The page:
( 6:1–21 )

provides for a temporary, voluntary nazirite vow (from nāzîr, meaning ‘set apart’; the unpruned vine was also called a nāzîr, perhaps a symbol of Israel as consecrated to the Lord; the word for uncut hair is nezer). As with the other statutes in this section, the laity are the focus of concern; yet these statutes highlight priestly obligations relating thereto (and may suggest priestly control over their activity). The text does not institute the nazirite vocation, but regulates a consecrated life in certain ways. Vows, always individual acts, were common in ancient Israel (see 30:1–16 ) and this vow was ‘special’ (v. 2 ).

Yet, the precise purpose for becoming a nazirite remains elusive. Generally, nazirites were male or female individuals who took a vow of consecration for a special vocation. Am 2:11–12 states that God raised up nazirites; the parallel with the prophets means they had a high calling (as does their parallel with the priests). That they generated opposition among the people, who made them drink wine and thereby prevented them from fulfilling their calling, suggests their importance. The stories of Samson and probably Samuel, lifelong nazirites (dedicated by their parents from the womb, cf. Jer 1:5 ), suggest that God called such persons to specific tasks (cf. Judg 5:2; Gen 49:26 ). Wenham (1981: 85) calls them ‘the monks and nuns of ancient Israel’, but we do not know if this was considered an ‘office’, whether many took the vow, or how long a term was.

The nazirite vow entailed separation from products of the vineyard (and other intoxicants), haircuts, and corpses; their return to secular life was signified by cutting the hair. As such, these persons were highly visible members of the community, signs to all of total dedication to God. They bore similarities to the Rechabites (2 Kings 10:15; Jer 35 ), conservative proponents of ancient Israelite traditions who rejected Canaanite culture, including viticulture and building houses.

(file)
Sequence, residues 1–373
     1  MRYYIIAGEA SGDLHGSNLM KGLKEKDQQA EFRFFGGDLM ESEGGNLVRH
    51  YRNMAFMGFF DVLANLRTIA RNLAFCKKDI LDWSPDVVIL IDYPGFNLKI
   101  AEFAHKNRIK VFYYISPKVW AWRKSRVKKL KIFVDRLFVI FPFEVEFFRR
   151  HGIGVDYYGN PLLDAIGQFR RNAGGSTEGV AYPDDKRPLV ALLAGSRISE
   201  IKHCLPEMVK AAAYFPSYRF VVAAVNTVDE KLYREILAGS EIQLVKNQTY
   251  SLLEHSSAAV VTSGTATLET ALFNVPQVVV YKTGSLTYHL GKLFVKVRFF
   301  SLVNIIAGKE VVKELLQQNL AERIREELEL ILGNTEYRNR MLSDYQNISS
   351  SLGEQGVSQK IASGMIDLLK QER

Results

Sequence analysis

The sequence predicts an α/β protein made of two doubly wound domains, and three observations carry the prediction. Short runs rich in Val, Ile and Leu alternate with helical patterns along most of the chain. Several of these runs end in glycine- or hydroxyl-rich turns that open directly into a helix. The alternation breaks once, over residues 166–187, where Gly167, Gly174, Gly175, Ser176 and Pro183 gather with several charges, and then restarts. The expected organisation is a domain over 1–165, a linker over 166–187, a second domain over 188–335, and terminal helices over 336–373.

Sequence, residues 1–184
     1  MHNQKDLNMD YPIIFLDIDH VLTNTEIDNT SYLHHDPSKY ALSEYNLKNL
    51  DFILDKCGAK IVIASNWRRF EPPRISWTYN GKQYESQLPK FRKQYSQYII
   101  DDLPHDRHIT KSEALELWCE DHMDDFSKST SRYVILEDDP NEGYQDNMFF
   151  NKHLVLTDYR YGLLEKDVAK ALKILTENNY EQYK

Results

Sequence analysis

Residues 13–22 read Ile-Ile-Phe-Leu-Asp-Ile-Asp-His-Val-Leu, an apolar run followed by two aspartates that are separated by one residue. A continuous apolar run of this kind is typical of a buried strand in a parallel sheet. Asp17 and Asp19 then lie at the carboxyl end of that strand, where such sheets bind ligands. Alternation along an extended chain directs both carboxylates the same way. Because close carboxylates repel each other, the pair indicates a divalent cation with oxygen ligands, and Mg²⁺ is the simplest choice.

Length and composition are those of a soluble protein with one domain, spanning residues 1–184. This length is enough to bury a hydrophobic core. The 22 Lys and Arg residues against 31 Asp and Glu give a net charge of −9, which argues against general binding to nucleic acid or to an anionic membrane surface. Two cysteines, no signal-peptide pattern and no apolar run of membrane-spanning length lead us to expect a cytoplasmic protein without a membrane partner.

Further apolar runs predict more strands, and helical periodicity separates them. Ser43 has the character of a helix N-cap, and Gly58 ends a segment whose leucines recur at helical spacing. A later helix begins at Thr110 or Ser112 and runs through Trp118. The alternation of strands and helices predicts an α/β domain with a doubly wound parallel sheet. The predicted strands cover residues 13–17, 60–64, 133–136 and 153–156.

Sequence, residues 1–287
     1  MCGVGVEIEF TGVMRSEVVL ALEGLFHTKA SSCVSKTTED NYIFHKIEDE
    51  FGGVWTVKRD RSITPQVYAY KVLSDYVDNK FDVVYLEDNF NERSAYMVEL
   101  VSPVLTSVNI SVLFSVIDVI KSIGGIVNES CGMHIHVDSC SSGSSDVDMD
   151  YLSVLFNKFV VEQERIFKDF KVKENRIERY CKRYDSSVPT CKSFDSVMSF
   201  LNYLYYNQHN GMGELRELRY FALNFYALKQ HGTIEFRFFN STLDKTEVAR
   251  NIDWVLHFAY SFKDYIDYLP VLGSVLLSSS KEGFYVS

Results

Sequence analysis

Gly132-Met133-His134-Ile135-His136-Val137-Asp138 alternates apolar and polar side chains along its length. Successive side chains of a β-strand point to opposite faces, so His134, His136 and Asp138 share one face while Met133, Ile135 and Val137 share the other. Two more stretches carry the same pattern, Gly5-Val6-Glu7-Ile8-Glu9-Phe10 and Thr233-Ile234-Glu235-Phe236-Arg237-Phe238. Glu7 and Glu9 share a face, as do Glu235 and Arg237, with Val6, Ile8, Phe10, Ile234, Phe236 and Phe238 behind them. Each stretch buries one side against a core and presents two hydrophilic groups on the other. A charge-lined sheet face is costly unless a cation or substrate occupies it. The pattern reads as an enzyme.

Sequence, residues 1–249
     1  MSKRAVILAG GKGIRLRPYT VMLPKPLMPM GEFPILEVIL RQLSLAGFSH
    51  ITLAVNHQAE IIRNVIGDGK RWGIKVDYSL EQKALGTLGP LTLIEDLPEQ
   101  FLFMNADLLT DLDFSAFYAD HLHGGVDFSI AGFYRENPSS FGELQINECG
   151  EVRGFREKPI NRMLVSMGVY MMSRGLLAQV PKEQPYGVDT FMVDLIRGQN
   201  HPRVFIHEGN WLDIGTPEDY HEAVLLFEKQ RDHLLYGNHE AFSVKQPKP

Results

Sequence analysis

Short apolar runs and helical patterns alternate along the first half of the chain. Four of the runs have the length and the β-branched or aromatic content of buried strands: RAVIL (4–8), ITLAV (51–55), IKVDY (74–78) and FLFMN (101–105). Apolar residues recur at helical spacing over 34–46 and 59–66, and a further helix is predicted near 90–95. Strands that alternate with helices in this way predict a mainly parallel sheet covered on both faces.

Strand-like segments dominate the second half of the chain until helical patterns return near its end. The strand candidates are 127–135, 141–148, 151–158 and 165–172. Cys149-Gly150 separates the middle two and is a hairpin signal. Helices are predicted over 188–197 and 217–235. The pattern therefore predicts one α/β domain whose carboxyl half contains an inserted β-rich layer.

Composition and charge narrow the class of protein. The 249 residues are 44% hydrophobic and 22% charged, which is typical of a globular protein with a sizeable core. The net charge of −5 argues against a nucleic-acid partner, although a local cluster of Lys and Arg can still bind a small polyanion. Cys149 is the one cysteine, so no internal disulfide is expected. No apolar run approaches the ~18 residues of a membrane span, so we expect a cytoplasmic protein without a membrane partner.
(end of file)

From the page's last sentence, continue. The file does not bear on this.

Like the high priests, nazirites were not to come into contact with (even within sight of) a corpse, but unlike them, accidental contact required rites of purification (vv. 6–12; cf. 5:2–3; 19:11–12, 19 ). Upon being purified, they were to ‘sanctify the head [hair]’, i.e. be reconsecrated (vv. 11c–12 ). vv. 13–20 describe the ritual at the completion of their consecration; the range of offerings (cf. Lev 8 ) suggests the high status of the nazirite; returning to secular life was a major step. The ritual includes the shaving of the head and the burning of the hair (because it is considered holy). v. 21 summarizes the force of the previous verses. On possible links to Jesus, John the Baptist, and the early church, see Mt 2:23; Lk 1:15; Acts 18:18; 21:23–4 ; on nazirites in Second-Temple Judaism, see Milgrom (1990: 355–8).

( 6:22–7 ) The Aaronic Benediction

The placement of this benediction seems unusual; it may be another item that prepares the people for the journey through the wilderness. This is the blessing for the time of departure, and daily throughout their journey. Each line, with God as subject, is progressively longer (three, five, seven Hebrew words); besides the name YHWH, twelve Hebrew words signify the twelve tribes.

This benediction in some form was widely used in ancient Israel, especially at the conclusion of worship (see Lev 9:22; Deut 21:5; 2 Chr 30:27; Ps 67:1; 121:7–8 ; see its ironic use in Mal 1:8–10 ). Putting the name of God on the people may have been understood literally, given the inscription on two cigarette-sized silver plaques found near Jerusalem, dating from the seventh–sixth centuries BCE (for such parallels, see Milgrom 1990: 360–2). The blessing has been commonly used in post-biblical Jewish and Christian communities.

One probably should not see a climactic arrangement in the clauses; so, for example, blessing would include peace. Perhaps the second verb in each case defines the first more specifically, but together the six verbs cover God's benevolent activity from various angles and state God's gracious will for the people.

Blessing has a wide-ranging meaning, touching every sphere of life. It testifies most basically to the work of God the Creator, both within the community of faith and without. No conditions are attached. It signifies any divine gift that serves the life, health, and well-being of individuals and communities. Keeping is a specific blessing to those with concerns for safety, focusing on God's protection from all forms of evil (Ps 121:7–8 ), pertinent for wilderness wandering.